Bighorn Campground in Glenwood, New Mexico
This post isn’t so much about the Bighorn Campground as it is a rave about the scenery on continuing southwest from there. About all that can be said about Glenwood Campground is that it makes a handy overnight stopping place if you’re in the area. It’s beside and below a relatively unused highway, and consists of several gravel drives along a wandering path in. It offers metal picnic tables of questionable usefulness, and a very clean vault toilet that needs you to BYOTP. Overall, it’s small and scruffy, and although you can stay there 14 days, it and nearby Glenwood have no compelling draw to hang around for more than a day or two unless you’re just looking for a place to blow time at. Since I’ve been thoroughly spoiled by where I’ve spent my summer, I’m now picky.
Below is a sort of dashcam of the drive from Grants, New Mexico to Glenwood, a trip of about 180 miles that gave me an eye-popping 19MPG fuel average. 11 minutes in length, it’s in 3 segments. Nothing truly heroic about it, but it does catch some of the scenery onroute if you have the bandwidth. There’s a sort of push-pull effect in it that I’m guessing is the iPhone’s effort to stabilize the constant juggling of the windshield mount I have. There doesn’t seem to be any way to turn it off so that I can deal with stabilizing it purely in software later, so this is what it is.
The network of back road highways that zig-zag from Glenwood toward Raso, Arizona immediately provide some of the most inspirational views I’ve encountered so far, and I’ve hit some pretty good ones. Unfortunately, I was unable to use my GPS, since it did not recognize the street address I was heading to, and the coordinates I had were bogus. So I had to tie up the iPhone with navigational duties and forego its use as a dashcam on that leg. Too bad. The stills I took do not do what is there any justice at all.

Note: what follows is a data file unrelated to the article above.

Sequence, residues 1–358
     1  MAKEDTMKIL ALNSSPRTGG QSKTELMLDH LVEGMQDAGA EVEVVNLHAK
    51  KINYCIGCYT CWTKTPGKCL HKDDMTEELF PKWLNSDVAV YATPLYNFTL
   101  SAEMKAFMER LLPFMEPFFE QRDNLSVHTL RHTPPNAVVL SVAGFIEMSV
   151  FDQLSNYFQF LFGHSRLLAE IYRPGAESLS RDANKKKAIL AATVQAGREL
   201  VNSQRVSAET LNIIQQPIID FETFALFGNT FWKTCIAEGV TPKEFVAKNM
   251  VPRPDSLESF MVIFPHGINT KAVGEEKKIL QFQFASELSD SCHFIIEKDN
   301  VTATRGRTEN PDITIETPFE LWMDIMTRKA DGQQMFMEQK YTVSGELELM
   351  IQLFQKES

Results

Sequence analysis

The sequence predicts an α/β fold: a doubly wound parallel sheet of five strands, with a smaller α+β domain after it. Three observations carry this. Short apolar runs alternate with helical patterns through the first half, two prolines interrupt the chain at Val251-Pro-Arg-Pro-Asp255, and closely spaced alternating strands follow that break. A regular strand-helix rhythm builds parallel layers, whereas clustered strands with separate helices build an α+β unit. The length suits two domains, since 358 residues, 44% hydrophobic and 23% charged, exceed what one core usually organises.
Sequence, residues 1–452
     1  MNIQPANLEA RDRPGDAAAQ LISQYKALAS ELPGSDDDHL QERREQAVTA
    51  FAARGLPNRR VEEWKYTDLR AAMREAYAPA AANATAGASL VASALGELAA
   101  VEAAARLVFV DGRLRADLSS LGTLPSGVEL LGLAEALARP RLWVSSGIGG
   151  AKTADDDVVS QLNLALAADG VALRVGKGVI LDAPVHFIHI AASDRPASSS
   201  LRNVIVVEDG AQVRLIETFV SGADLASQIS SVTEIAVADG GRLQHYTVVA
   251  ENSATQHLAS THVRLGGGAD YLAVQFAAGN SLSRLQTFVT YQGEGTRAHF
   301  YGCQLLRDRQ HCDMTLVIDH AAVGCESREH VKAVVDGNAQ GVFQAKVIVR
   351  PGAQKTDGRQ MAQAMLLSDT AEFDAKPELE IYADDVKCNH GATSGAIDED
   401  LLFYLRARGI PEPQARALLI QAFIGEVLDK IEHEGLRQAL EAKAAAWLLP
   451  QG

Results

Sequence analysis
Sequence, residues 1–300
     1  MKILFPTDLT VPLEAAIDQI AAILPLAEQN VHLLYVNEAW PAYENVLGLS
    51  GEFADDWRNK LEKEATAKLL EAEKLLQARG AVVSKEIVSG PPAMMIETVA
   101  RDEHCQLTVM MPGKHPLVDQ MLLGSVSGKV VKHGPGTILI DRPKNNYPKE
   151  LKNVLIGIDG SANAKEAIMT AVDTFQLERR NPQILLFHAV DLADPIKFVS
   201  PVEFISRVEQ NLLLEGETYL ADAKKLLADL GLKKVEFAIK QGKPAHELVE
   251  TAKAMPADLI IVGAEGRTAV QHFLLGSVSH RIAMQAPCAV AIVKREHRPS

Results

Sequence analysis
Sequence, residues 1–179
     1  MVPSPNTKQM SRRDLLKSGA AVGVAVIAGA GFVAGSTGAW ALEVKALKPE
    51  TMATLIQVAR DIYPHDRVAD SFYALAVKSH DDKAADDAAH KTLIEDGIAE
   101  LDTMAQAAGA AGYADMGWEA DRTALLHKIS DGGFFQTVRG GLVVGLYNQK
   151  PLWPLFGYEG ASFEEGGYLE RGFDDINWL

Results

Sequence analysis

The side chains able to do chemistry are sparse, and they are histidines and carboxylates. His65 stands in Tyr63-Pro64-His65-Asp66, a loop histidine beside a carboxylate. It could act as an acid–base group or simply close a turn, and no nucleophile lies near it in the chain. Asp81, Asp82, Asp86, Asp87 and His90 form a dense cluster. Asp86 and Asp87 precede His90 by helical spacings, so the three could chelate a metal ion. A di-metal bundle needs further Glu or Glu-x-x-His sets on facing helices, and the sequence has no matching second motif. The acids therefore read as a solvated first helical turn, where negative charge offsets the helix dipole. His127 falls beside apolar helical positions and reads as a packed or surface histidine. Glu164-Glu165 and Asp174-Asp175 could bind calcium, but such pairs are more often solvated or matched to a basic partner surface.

The most impressive parts involved vast, sweeping valleys carpeted with gold-colored grass that were bordered by mountains. In many spots, there were multiple layers of mountains from high viewpoints. Incredible, but I have no photos of either. The features tamed right down once I was solidly in Arizona, but wow, what a 175-mile trip that was! Should you choose to take that trip from Glenwood to Raso AZ, just be sure that your vehicle’s powertrain and brakes are up to snuff, with no “I should have that looked at before long” issues hanging. That goes double for towing a trailer, and you should have either the equivalent of a “Tow/Haul” transmission mode or be able to downshift to lower gears as needed. Worth it? Yes.
Really nice area. It is on my spring list again. Have fun.
Thank you, Barney. It is an inspiring drive! Being an oldster Recovering Suburbanite in what is now a high-mileage vehicle, I occasionally have concerns about getting competent help should some mechanical problem come up, but then I remember that this kind of travel once represented everyday normal when Route 66 was the hottest thing there was on pavement. Sticking with the Interstates seriously chops the wow factor when it comes to discovering what all is out there in this country. No risk, no reward, I guess.
Thank you for sharing. It is beautiful.